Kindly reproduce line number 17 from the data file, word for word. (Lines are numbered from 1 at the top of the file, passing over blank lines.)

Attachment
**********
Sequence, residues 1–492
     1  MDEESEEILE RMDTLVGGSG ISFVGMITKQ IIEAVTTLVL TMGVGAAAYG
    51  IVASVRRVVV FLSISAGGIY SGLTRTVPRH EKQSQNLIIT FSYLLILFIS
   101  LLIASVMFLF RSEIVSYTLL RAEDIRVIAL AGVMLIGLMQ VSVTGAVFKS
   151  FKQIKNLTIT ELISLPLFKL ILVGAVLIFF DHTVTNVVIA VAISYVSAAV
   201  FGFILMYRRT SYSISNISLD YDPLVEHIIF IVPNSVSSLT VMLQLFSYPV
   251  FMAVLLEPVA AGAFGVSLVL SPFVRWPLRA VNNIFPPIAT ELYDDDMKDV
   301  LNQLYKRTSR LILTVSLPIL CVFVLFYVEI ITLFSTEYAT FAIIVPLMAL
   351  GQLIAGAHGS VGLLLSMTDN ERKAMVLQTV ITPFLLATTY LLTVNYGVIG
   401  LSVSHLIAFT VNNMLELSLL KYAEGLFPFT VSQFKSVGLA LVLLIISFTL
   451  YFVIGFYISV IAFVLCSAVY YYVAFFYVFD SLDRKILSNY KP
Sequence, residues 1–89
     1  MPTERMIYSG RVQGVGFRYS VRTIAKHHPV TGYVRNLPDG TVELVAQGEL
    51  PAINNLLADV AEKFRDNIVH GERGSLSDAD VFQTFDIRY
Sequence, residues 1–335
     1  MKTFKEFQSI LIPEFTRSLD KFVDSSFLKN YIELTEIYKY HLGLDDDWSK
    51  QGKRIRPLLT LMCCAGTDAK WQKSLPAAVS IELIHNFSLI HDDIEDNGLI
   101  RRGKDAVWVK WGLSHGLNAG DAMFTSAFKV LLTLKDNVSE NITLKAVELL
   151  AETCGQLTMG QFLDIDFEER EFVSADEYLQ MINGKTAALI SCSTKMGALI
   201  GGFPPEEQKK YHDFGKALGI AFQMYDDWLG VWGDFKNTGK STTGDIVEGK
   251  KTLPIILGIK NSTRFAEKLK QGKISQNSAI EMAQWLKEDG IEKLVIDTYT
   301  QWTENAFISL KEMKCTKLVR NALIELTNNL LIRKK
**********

    51  QGKRIRPLLT LMCCAGTDAK WQKSLPAAVS IELIHNFSLI HDDIEDNGLI